How to get rid of old hardware responsibly

By Adam Berenstain, Macworld |  Data Center, e-waste, recycling

The holidays are over, and the memories of folks reuniting with friends and family, eating good food, and most likely opening a present or two, will linger. It's a safe bet many of those gifts were designed in Cupertino.

That's in addition to all the new e-readers, digital cameras, and other electronic devices unwrapped this season, and that means many people probably received upgrades to gear they already had. If you're one of them, you've not only got a shiny new gadget to play with, you've got to decide what to do with your old device. You could always sell it on eBay or Craigslist, but there are other options that can do even more good in your community.

Pass it on

We've all been given worn-out sweaters or an unused appliance, but not all hand-me-downs are created equal. Your old hardware could be a big deal to the younger or older user in your life who might be much more than a generation behind the latest technology.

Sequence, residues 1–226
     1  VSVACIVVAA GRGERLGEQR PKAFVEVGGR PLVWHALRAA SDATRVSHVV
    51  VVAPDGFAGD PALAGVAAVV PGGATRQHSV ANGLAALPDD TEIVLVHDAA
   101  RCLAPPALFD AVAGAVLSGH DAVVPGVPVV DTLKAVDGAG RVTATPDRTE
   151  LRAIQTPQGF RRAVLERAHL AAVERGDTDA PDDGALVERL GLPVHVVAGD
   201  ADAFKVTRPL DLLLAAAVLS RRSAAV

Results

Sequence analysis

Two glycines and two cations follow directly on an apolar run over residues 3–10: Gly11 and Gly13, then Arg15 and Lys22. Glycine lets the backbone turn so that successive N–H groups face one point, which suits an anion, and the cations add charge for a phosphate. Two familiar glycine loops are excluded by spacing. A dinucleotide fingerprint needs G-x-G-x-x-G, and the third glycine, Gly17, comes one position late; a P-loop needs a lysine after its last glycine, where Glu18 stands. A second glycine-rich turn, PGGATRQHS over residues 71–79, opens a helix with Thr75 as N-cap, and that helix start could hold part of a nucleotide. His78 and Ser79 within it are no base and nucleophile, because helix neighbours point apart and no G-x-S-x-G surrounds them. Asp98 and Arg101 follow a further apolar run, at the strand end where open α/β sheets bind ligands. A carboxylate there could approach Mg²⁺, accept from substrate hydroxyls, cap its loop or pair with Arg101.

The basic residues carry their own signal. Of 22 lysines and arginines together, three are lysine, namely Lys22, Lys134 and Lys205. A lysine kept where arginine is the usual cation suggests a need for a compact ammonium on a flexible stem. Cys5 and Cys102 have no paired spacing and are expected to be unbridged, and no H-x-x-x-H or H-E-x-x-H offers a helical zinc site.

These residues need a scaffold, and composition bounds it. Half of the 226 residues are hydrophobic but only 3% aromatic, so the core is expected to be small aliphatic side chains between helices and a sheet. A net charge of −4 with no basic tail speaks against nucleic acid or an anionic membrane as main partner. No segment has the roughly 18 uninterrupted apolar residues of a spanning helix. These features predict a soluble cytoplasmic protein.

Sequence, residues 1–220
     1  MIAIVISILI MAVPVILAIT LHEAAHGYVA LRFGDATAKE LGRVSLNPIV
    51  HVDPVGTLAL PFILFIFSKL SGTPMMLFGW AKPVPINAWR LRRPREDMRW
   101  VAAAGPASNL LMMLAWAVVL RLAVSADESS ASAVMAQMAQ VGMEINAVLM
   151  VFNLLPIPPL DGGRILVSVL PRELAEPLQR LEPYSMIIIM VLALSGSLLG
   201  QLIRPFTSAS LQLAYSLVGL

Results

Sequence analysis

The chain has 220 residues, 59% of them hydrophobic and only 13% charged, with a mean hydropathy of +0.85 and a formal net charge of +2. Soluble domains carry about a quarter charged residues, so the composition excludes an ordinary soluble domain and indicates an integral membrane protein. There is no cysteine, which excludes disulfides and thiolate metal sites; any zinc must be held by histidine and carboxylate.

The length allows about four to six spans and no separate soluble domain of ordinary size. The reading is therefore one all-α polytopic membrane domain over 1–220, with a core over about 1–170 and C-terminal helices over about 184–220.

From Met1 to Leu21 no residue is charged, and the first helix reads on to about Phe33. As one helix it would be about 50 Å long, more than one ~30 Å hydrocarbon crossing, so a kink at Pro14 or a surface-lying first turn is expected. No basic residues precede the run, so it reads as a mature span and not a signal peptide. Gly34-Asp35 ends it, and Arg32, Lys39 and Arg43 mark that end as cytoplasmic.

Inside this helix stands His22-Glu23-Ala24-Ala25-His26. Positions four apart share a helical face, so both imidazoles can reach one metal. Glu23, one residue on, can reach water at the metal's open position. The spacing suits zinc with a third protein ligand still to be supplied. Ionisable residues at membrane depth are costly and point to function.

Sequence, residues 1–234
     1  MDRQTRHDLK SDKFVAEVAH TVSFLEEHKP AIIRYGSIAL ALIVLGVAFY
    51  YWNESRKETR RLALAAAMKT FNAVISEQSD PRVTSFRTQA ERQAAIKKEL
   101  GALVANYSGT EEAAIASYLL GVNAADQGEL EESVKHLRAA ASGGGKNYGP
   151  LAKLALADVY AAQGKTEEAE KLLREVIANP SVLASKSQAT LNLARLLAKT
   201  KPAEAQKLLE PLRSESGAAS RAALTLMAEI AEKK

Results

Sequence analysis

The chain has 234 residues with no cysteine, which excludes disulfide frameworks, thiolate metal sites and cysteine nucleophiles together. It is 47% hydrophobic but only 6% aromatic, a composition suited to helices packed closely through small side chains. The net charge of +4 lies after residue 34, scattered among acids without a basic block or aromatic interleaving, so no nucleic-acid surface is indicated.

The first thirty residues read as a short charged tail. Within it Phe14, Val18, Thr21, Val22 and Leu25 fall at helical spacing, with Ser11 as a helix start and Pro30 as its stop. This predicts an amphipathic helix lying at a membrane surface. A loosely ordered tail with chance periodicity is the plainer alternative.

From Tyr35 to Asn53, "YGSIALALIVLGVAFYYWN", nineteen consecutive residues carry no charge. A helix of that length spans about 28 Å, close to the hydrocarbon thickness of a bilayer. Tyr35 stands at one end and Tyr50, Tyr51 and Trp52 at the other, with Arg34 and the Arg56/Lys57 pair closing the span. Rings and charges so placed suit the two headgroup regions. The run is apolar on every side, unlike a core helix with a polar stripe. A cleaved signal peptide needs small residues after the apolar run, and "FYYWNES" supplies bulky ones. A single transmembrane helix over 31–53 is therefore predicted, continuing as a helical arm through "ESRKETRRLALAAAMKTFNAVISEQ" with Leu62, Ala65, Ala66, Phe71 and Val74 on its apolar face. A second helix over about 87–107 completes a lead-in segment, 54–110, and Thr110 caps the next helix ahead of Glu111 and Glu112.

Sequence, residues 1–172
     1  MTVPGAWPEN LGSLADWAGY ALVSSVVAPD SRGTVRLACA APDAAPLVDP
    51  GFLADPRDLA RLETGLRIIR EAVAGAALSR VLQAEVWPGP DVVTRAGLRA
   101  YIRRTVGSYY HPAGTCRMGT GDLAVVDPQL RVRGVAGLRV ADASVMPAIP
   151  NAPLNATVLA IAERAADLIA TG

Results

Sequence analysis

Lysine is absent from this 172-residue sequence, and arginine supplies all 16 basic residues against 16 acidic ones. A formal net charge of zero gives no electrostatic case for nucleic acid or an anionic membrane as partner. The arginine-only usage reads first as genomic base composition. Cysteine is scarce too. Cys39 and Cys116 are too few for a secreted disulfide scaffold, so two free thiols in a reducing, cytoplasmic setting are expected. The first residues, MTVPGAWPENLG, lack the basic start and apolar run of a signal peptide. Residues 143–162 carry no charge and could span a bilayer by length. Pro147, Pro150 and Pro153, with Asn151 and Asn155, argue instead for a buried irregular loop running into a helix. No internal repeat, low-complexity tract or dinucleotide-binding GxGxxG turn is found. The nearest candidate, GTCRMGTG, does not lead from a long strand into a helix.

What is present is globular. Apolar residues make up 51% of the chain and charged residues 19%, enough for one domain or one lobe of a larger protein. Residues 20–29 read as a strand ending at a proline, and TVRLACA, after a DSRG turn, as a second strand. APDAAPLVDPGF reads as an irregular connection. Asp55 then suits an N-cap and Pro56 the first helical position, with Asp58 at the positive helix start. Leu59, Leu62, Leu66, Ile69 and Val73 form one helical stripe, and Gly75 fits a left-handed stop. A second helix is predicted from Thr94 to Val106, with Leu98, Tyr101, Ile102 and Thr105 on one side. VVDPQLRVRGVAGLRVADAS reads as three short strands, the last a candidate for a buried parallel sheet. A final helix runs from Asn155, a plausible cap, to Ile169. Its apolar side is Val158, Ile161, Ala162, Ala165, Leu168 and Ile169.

Devices that can inspire a new hobby, or enhance an old one, can make especially meaningful gifts. Your old digital camera might become a gateway into photography, for instance, and that first-generation Kindle can introduce a reader to a whole new way to love books. Even taking your gift's recipient aside to explain how the device works can become a new way to spend quality time.

Before passing on your old device, you'll want to clean it and any of its accessories, so they look as close to brand-new as possible. If your device has built-in storage, like a Mac's hard drive or a camera or iOS device's flash memory, transfer any files you may need to your main Mac, then erase the old data. Our tips for preparing Macs for sale come in handy here, and for information about wiping your data from an iOS device, visit Apple's link.

There's nothing wrong with hanging on to old gear, if you can find a new use for it. The TV that now seems a little small for the living room might be just right for the bedroom. Or that old iPod nano, rather than your brand-new iPod touch, can be your go-to jogging partner. Reusing these and other simple devices is straightforward, but a spare Mac or iOS device can have far more utility in a wider range of circumstances.


Originally published on Macworld |  Click here to read the original story.
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